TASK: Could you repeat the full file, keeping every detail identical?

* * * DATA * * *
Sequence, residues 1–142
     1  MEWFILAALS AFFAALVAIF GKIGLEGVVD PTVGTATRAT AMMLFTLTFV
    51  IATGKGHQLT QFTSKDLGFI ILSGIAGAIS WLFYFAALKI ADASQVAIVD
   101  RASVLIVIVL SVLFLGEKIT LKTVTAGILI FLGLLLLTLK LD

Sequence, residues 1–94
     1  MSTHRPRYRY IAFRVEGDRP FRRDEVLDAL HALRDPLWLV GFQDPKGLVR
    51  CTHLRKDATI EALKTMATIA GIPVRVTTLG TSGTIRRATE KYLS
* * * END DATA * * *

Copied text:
Sequence, residues 1–142
     1  MEWFILAALS AFFAALVAIF GKIGLEGVVD PTVGTATRAT AMMLFTLTFV
    51  IATGKGHQLT QFTSKDLGFI ILSGIAGAIS WLFYFAALKI ADASQVAIVD
   101  RASVLIVIVL SVLFLGEKIT LKTVTAGILI FLGLLLLTLK LD

Sequence, residues 1–94
     1  MSTHRPRYRY IAFRVEGDRP FRRDEVLDAL HALRDPLWLV GFQDPKGLVR
    51  CTHLRKDATI EALKTMATIA GIPVRVTTLG TSGTIRRATE KYLS